11:18 a.m. -The Bushnell in Hartford has furloughed 32 employees, but it does not see them out of work for six months. In a letter to the state Labor Department, it said the furlough are because of the coronavirus and governor’s executive orders. “These furloughs are expected to be temporary. Although The Bushnell Center for the Performing Arts will be temporarily closed, The Bushnell will continue operating.”

10:51 a.m. - ShopRite in Shelton has stepped up sanitizing procedures after one of its associates tested positive for the coronavirus. On its Facebook page, ShopRite Shelton management stated that “the impact the COVID-19 pandemic has had on the community of Shelton has been felt by us all. The same holds true at ShopRite, where a member of our work family — the associates who provide essential services every day — has reported a confirmed case of COVID-19.”

10:22 a.m. - For weeks, Gov. Ned Lamont has been saying that it’s unlikely public schools will reopen this spring. Now, his administration, led by Education Commissioner Miguel A. Cardona, is negotiating with school superintendents from around the state to decide on a strategy to keep pupils at home and away from the buildings where the coronavirus can spread. Read more here.

10:08 a.m.

9:55 a.m. - In these times of solitude, many people are turning to their pets for comfort — posting shots of their furry co-workers on social media; talking about how snuggles from their non-human companions are getting them through the crisis, and generally looking to their domestic animals as a lifeline to get through the pandemic.

After all, most research has shown that there is little risk of passing the respiratory illness COVID-19 to animals. But, the risk isn’t zero — a fact that was brought into sharp focus Sunday when it was announced that a tiger at the Bronx Zoo in New York had tested positive for COVID-19. Read more here.

9:33 a.m. - With uncertainty mounting regarding the upcoming MLB season, one Yankees pitcher is making the most of his quarantine in his backyard.

Gerrit Cole, the 29-year-old pitcher who signed with the New York Yankees last December for a record-setting $324 million, told the New York Post that he has been practicing his pitching with fellow Yankees pitcher Adam Ottavino at his Greenwich home. He added that he has also had Yankees manager Aaron Boone and bullpen catch Radley Haddad over to help him out with his pitching.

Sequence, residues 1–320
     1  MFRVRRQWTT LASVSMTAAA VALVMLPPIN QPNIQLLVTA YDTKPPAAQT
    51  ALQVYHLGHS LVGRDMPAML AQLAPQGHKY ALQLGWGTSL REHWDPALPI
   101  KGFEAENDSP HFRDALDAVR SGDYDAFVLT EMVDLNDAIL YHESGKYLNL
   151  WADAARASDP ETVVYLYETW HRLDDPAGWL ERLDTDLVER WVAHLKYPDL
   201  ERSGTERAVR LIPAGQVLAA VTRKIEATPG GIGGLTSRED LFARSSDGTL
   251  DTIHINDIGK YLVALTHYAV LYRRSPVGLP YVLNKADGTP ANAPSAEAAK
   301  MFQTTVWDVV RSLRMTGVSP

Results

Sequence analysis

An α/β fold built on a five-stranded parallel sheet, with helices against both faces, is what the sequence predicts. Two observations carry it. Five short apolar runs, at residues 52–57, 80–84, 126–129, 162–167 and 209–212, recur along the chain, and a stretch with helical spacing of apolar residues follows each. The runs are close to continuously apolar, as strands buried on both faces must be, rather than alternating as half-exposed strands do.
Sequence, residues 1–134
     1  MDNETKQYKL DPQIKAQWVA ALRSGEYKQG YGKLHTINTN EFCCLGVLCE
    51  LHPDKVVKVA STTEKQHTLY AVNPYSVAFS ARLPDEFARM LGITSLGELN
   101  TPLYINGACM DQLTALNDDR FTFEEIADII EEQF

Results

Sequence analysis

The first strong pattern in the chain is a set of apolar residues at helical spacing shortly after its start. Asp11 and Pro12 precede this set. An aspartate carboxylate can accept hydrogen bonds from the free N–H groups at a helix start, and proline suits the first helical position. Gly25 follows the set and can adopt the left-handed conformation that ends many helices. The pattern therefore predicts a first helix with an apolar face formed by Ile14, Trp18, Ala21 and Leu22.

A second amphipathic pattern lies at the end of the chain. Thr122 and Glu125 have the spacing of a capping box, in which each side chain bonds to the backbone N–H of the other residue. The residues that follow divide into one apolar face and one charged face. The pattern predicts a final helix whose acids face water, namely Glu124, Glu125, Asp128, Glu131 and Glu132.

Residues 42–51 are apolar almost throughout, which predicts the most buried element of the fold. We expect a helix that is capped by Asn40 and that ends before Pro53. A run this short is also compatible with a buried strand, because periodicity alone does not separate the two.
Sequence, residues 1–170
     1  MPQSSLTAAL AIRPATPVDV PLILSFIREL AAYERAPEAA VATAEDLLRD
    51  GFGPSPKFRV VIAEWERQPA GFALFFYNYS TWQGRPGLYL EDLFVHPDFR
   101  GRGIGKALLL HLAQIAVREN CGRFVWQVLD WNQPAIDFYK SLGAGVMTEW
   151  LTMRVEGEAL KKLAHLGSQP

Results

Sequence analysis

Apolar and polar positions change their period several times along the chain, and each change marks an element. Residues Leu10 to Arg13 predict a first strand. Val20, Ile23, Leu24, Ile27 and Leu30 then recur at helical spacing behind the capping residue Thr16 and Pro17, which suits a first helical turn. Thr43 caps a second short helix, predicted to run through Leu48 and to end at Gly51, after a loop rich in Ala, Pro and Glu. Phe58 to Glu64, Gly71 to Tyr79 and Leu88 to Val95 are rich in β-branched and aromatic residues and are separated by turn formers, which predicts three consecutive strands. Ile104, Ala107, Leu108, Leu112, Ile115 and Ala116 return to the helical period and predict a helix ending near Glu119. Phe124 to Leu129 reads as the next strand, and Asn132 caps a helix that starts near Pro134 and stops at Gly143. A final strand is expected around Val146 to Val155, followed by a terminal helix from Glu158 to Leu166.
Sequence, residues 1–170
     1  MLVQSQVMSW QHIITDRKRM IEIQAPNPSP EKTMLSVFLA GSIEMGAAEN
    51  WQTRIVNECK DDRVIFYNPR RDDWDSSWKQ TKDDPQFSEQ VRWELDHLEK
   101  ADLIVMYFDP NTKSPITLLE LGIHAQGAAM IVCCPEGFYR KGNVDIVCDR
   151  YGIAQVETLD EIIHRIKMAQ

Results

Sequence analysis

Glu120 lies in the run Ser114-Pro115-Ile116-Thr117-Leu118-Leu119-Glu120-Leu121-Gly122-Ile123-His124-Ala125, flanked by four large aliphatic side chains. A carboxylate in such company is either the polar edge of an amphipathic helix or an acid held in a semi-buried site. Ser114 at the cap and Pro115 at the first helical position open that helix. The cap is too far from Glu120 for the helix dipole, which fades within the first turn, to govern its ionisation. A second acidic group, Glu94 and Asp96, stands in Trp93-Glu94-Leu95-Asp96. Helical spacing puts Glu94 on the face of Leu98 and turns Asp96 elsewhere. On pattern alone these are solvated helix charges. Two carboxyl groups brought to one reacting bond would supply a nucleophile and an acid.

9:15 a.m.

8:48 a.m.

In this week's episode of Exit 43 we speak with a pair of Yale epidemiologists about maintaining the balance between the data and people behind that data, and a rabbi who has comforted people at the graveside.

8:32 a.m. - Dozens of patients at a rehabilitation center and nursing home in Milford have tested positive for COVID-19, according to public health officials, and at least one family said they only learned their loved one had contracted the disease after he died. As of Friday, at least 44 people at Golden Hill Rehab Pavilion off of Bridgeport Avenue have tested positive for COVID-19, Av Harris, a spokesman for the state Department of Public Health, confirmed. Read more here.

8:12 a.m. - Bridgeport police and health department officials will begin enforcing the 8 p.m. shutdown of bodegas, variety stores and other still-open businesses on Wednesday.

“I call it ramp up and clamp down,” Mayor Joe Ganim said Monday during his daily briefing. “There’s going to be increased police presence and patrols using lights and public address systems ... We will disrupt people gathering-in, we will disrupt the overflow of people coming in (to the parks) from out of town.” Read more here.

7:47 a.m. - Two people were arrested in Norwalk last weekend for removing barricades to gain entry into a closed park as the city ramps up enforcement efforts of social distancing amid the coronavirus crisis.

7:31 a.m. - Due to safety precautions, Southbury Dog Park is closed until further notice. Although most of the town-operated parks prohibit dogs, there are some other wonderful parks in Southbury that allow dogs on leashes! Go to https://www.southbury-ct.org/parks to see which parks allow dogs.

7:07 a.m.

6:52 a.m.

6:32 a.m. - Stamford to date has, by far, the largest number people in the state testing positive for COVID-19, and the intensive-care unit at Stamford Hospital is approaching capacity. One or two coronavirus patients are dying each day at the hospital, an administrator said. As of Monday, there have been 15 deaths.

6:10 a.m. - Efforts to keep state court staff safe during the coronavirus pandemic have forced the state’s Judicial Branch to leap forward into technology. While the state’s court system had previously plodded forward on the use of video conferencing, on Monday it launched a pilot program to use the technology in Bridgeport, New Haven and Waterbury courts to do all criminal arraignments. Read more here.

5:45 a.m. - Seventeen new deaths were reported Monday in the coronavirus pandemic, bringing the state’s total dead to 206. But Gov. Ned Lamont sees at least a slight success in slowing the spread of COVID-19. “Our social distancing may be having an impact,” Lamont said during a mid-afternoon briefing in a near-empty State Capitol meeting room, during his first call-in news conference with reporters kept away.

In addition, 1,231 newly diagnosed COVID-19 cases raises the total infected to 6,906, and 1,221 are now hospitalized, an increase of 79 from Sunday.